CHICAGO, April 24 (Xinhua) -- Chicago Board of Trade (CBOT) agricultural futures rose in the past week as the U.S. dollar closed lower for the third consecutive week.
Chicago-based research company AgResource stays bullish, as the falling U.S. dollar and shift in capital flows will underpin the grain/soybean markets.
Spot CBOT corn rallied 70 cents, the biggest weekly gain since July 2012. First major chart-based resistance at 6.25 U.S. dollars was breached easily and the stage is set for additional gains unless Midwest weather is near-perfect between now and August. Yet, drought envelops the entirety of the western half of the United States. A modest expansion eastward is forecast as a high-pressure ridge sets up across the dry soils of the western United States. AgResource holds that weather will determine the speed and size of future corn rallies, but breaks will be brief and shallow.
The 2021-2022 crop year is unique as demand growth has collided with tight exporter stocks. Ethanol production is profitable as spot prices have soared to 2.20 dollars per gallon. The need for enlarged food production as world economies recover from the pandemic bodes well for U.S. corn exports.
U.S. wheat futures rallied to eight-year highs on rising global corn prices and a lack of rain across the northern United States and Canada. It is expected that global wheat feed use will be elevated this summer amid South American corn production shortfalls and soaring cash corn values across the U.S. Plains. Even a modest Northern Hemisphere yield loss may trigger the need to cap feed use amid record global trade.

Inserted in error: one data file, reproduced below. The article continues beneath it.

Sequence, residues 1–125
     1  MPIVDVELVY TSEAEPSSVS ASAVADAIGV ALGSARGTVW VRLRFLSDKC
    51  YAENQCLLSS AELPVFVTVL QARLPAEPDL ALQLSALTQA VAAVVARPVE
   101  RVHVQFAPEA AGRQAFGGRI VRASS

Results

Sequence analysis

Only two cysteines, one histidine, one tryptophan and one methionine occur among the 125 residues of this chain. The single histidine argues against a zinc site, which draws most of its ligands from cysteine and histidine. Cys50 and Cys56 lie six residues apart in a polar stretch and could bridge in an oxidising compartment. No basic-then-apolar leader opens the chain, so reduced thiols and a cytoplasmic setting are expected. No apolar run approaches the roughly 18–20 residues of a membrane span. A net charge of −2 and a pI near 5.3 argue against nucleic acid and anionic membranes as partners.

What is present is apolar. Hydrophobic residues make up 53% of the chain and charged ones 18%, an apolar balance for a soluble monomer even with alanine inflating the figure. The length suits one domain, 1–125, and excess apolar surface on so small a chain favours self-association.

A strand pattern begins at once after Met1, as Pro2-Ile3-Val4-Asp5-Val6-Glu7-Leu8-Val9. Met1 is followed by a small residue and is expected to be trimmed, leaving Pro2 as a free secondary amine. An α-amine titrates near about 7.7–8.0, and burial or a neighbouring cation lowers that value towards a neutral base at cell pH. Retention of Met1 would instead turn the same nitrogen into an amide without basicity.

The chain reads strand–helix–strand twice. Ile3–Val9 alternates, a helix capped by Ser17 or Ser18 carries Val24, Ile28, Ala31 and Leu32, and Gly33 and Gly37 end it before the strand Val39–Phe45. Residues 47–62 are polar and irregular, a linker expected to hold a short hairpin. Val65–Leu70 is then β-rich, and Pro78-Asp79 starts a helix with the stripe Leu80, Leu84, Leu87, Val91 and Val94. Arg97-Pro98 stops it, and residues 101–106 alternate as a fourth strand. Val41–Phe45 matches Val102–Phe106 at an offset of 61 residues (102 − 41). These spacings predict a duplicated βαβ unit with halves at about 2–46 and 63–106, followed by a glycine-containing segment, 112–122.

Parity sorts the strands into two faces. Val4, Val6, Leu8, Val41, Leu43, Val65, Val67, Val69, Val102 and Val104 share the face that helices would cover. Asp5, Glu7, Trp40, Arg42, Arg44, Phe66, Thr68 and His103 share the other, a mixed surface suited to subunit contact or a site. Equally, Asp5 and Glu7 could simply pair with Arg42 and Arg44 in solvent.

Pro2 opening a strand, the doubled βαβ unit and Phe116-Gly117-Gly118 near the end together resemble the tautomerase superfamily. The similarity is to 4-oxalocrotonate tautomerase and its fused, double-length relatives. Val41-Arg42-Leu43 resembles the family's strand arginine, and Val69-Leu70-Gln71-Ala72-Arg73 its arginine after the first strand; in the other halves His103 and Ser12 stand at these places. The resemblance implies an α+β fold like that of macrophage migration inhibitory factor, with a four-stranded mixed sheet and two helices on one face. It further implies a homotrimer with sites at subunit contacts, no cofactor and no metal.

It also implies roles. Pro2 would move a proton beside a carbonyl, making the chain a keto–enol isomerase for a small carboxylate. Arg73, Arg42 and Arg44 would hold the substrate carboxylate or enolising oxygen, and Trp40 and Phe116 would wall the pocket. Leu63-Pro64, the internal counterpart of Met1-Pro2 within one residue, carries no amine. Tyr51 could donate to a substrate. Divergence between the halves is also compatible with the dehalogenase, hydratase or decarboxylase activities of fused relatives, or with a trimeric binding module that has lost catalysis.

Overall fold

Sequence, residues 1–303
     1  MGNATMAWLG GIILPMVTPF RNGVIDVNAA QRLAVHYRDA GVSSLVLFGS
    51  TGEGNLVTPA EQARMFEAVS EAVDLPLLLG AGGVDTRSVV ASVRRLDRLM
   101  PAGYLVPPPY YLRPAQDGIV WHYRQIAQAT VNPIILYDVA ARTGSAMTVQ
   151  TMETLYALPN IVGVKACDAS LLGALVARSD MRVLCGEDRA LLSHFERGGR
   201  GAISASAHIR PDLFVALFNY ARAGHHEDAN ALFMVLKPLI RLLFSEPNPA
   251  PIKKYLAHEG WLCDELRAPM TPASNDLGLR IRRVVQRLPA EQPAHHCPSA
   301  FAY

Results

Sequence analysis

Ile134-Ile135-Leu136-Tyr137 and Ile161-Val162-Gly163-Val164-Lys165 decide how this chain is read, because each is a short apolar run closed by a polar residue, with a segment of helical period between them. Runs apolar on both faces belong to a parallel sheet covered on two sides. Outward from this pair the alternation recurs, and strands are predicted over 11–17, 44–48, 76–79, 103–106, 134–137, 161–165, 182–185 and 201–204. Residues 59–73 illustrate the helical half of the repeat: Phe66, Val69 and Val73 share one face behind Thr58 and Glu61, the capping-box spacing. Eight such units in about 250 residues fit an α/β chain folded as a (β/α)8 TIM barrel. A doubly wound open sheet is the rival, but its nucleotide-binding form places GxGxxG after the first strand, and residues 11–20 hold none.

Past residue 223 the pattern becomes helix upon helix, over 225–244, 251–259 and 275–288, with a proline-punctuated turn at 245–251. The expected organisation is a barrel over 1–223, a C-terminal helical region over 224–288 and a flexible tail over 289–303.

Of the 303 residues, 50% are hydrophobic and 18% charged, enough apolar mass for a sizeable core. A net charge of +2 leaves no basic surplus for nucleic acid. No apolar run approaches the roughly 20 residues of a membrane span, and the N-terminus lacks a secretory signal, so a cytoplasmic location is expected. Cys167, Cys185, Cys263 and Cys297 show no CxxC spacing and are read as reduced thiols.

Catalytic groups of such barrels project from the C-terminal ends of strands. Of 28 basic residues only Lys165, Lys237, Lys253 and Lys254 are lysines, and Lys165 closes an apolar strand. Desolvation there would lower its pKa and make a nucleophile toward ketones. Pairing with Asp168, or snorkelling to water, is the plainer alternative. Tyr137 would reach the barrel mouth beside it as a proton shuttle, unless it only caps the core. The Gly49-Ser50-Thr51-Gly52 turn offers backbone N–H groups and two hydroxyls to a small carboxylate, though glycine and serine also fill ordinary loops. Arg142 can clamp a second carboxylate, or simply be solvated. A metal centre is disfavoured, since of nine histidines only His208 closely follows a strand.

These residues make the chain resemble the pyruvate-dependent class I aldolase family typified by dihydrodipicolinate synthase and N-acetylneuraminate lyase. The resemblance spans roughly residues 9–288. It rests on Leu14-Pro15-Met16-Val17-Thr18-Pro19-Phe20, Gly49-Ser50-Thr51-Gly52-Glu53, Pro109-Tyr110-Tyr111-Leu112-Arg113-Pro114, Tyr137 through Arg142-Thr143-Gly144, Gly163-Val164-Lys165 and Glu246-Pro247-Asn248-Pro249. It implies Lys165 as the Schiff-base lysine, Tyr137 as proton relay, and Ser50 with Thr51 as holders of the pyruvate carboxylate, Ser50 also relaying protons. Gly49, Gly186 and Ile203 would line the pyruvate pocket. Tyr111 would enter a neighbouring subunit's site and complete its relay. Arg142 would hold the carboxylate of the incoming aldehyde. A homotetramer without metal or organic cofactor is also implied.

The wheat outlook stays bullish on breaks, AgResource holds, mostly due to an increasingly bullish corn outlook. Confirmation that dryness continues into mid-May across Central Brazil propels July CBOT corn to a range of 6.75 and 7.00 dollars.
Wheat's longer term bull run will continue without exceptionally favorable weather for every exporting country this spring and summer.
Soybean futures soared to an 8.5-year high at 15.50 dollars. Strong U.S. Midwest cash soybean basis drove spot May soybeans higher into first notice day. The United States needs to import soybeans by late summer to prevent localized shortages.
Brazilian soybean stocks are quickly tightening as harvest winds down and exporters ship out record tonnages. The U.S. market cannot afford any additional exports, which underpin cash markets. Brazil and Argentina need to fill world demand into September.
Tightening old crop stocks places acute emphasis on U.S. new crop acreage and yield. Even with a trend yield, U.S. 2020-2021 soybean end stocks will be 140 million bushels or less. AgResource stresses the importance of Central U.S. weather and its impact on new crop soy futures. Soybean market volatility will be rising.